Basel Committee outlines supervision strategy

Basel Committee's work to address fundamental weakness in regulation and supervision is advanced, says chairman Nout Wellink

BRUSSELS - The Basel Committee on Banking Supervision announced a comprehensive strategy to address what it deems "fundamental weaknesses" in the regulation, supervision and risk management of internationally active banks.

The key building blocks of the Committee's strategy include working to strengthen the risk capture of the Basel II framework (in particular for trading book and off-balance-sheet exposures); enhancing the quality of Tier I capital; building additional shock absorbers into the capital framework that can be drawn upon during periods of stress and to dampen procyclicality; introducing measures to help contain leverage in the banking system; strengthening supervisory frameworks to assess funding liquidity at cross-border banks; leveraging Basel II to strengthen risk management and governance practices at banks; strengthening counterparty credit risk capital, risk management and disclosure; and promoting globally co-ordinated supervisory follow-up exercises to ensure implementation of supervisory and industry-sound principles.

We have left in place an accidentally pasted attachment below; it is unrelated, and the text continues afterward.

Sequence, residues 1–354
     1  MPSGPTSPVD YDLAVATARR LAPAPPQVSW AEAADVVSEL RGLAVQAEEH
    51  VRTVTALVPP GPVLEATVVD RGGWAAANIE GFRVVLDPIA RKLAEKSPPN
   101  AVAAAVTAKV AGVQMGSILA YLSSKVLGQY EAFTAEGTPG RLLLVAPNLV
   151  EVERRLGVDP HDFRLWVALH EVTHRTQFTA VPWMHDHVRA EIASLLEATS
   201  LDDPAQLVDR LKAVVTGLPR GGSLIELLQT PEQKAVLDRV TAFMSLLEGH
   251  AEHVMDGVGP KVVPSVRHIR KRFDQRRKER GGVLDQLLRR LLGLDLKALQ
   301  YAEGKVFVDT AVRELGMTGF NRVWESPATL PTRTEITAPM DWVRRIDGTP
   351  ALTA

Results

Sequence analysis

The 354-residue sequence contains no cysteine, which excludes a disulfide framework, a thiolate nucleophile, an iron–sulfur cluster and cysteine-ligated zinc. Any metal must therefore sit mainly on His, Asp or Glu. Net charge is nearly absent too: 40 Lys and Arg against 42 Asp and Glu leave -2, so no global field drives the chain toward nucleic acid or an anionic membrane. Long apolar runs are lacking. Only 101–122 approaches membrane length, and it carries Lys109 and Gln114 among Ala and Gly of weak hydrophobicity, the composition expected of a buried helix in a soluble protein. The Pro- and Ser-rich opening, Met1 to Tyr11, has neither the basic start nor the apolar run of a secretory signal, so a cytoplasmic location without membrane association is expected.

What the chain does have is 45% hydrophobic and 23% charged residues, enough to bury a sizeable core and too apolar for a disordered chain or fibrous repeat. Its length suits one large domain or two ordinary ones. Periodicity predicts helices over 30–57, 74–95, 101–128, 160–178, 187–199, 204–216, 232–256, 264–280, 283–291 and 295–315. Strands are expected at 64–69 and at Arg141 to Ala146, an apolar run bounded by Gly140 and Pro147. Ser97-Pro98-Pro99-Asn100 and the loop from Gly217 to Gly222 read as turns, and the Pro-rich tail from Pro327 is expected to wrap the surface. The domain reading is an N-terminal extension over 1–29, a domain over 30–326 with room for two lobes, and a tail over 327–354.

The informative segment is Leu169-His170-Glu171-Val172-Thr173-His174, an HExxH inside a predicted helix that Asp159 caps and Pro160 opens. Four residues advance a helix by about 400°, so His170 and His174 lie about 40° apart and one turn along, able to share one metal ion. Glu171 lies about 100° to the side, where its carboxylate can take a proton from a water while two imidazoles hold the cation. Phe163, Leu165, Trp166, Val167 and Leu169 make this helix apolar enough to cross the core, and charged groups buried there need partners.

Nout Wellink, chairman of the Basel Committee, says: "The Basel Committee's work programme is well advanced and provides practical responses to the financial stability concerns raised by policy-makers related to the banking sector." The Basel Committee expects to issue proposals on a number of these topics for public consultation in early 2009.

Wellink adds: "The primary objective of the Committee's strategy is to strengthen capital buffers and help contain leverage in the banking system arising from both on- and off-balance-sheet activities." It will also promote stronger risk management and governance practices to limit risk concentrations at banks. "Ultimately, our goal is to help ensure the banking sector serves its traditional role as a shock absorber to the financial system, rather than an amplifier of risk between the financial sector and the real economy," he says.

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